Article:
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Le Testament Français by Andreï Makine

Le Testament Français (1995)

by Andreï Makine

Other authors: See the other authors section.

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1,251259,212 (3.89)51



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» See also 51 mentions

English (18)  Swedish (1)  French (1)  Spanish (1)  Finnish (1)  Italian (1)  Hebrew (1)  Lithuanian (1)  All languages (25)
Showing 1-5 of 18 (next | show all)
An incredibly beautiful book of personal history juxtaposed with world history set against the tumultuous backdrops of twentieth century France and Russia. The novel has a very distinct Proustian flavour in that:
- it explores memory through adolescent eyes,
- the protagonist has a close relationship with his grandmother,
- the book is originally in French,
- every line is so damn thoughtful that I've to read it twice.

It's about memory, the importance of storytelling (in particular the stuff that family lores are made of), and my personal favourite - the power of languages especially the dual (or more) personas that come from bilingualism (or multilingualism). And all this is reminisced in the author's hypnotic prose through the eyes of an adolescent beginning to grasp the nuances of / find his identity in his family and the world. An impossibly excellent gem of a book. ( )
  kitzyl | Aug 31, 2017 |
Beautiful novel, very evocative and poetic, with a moving and surprising end. Should be read in your mother tongue if the translation is good. ( )
  stef7sa | Jan 5, 2017 |
A long novel about a kid and his relationship with his grandmother and their lives. Often hard to follow, perhaps just a cultural difference through translating the Russian man's French into English... ( )
  niquetteb | Aug 13, 2016 |
71 of 75 for 2015. The reading guide for this novel compares it to work by Nabokov and other great Russian authors, although I can't really see that. The book, written originally in French and presented here as an English translation, tells the story of a young man growing up in Soviet era Russia, spending his summers with his grandmother, a native of Paris. As someone who grew up in all the tension of the Cold War, I am fascinated by stories that tell of the life of my counterparts on the other side of the Iron Curtain. Essentially a Bildungsroman, the story of Andrei and his grandmother's history, the novel takes us through many years of growth, including the period when his "difference," that French background he has from his grandmother, stands in the way of his acceptance as a good soviet youth. The book has four separate, but interrelated time lines: the narrator's summers with Charlotte, his grandmother; the narrator's school years when he lives with his parents, then his aunt after his parents' deaths; Charlotte's youth in early 20th Century Paris; and the narrator's life after he leaves Russia for the West, primarily set in Paris. The first three weave their strands through most of the book. The fourth is presented almost as an addendum: and then I grew up. This is not one of my "light and frivolous" reads. Lots of detail here, and for me at least, a slow read, but worthwhile. ( )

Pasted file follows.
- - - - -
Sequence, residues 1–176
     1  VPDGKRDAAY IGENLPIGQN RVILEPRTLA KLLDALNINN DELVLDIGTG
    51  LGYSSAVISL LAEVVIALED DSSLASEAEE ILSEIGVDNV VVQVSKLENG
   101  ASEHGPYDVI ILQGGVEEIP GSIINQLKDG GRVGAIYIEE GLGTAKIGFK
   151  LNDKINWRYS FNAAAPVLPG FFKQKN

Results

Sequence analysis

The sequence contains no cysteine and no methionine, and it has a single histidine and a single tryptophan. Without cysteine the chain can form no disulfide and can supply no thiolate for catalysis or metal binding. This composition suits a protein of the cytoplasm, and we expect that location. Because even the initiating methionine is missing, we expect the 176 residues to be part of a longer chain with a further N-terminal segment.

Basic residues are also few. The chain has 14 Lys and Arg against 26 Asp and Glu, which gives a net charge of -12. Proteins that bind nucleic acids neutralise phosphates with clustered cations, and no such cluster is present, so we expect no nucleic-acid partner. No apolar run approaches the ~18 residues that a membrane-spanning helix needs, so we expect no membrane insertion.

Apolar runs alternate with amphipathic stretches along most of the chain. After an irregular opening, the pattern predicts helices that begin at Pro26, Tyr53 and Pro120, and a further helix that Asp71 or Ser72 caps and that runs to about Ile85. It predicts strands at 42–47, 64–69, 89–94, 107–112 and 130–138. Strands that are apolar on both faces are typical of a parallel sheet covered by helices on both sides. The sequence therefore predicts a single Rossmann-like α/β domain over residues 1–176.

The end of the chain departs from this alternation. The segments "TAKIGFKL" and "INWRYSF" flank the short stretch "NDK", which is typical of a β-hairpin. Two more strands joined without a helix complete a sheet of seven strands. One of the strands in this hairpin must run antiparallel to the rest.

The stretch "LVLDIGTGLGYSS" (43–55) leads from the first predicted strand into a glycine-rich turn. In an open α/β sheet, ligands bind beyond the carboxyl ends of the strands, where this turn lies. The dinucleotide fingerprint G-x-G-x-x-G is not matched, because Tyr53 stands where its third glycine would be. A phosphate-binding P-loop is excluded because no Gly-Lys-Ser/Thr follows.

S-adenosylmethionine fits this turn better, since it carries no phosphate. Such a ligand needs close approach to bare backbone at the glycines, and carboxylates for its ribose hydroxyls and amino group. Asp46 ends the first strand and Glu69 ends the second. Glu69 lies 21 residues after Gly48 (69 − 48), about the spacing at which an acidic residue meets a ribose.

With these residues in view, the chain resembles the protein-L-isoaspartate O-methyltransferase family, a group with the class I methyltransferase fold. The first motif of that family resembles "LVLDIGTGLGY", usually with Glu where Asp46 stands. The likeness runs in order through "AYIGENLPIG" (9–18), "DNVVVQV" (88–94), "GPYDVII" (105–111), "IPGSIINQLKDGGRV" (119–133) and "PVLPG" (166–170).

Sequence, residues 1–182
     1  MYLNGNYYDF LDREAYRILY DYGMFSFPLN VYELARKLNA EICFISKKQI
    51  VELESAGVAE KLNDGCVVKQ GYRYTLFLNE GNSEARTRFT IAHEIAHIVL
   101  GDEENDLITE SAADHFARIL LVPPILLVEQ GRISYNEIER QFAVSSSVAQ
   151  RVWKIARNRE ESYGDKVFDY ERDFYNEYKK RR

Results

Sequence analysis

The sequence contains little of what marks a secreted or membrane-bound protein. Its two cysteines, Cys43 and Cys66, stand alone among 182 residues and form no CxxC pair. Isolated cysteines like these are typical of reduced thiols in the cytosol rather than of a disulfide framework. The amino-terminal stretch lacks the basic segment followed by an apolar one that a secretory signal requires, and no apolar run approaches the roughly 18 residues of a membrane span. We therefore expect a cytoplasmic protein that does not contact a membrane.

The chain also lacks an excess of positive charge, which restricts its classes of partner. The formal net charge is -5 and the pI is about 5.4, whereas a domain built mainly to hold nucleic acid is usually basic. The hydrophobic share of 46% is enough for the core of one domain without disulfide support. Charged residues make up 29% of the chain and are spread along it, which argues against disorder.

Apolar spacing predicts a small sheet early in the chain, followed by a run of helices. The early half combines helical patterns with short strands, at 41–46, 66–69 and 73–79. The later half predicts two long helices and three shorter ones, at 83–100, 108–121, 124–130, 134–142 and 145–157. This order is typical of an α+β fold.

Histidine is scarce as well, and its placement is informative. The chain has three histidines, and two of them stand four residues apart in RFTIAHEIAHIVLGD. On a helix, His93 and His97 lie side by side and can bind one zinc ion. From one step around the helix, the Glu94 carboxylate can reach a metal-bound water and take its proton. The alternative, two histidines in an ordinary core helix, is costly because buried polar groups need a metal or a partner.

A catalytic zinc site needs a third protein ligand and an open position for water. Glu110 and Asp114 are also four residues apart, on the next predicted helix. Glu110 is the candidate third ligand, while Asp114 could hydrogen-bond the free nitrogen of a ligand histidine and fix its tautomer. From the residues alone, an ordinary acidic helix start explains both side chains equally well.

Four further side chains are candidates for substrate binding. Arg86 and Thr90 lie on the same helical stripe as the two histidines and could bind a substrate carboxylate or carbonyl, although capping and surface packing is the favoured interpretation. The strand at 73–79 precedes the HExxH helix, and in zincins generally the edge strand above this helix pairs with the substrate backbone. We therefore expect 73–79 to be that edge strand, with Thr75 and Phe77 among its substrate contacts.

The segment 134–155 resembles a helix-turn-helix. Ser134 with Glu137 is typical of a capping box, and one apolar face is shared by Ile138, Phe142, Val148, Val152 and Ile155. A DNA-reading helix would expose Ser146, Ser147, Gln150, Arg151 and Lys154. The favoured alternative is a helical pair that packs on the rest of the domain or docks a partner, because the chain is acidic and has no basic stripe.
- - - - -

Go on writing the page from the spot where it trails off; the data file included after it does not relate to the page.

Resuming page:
mtbearded1 | Aug 24, 2015 |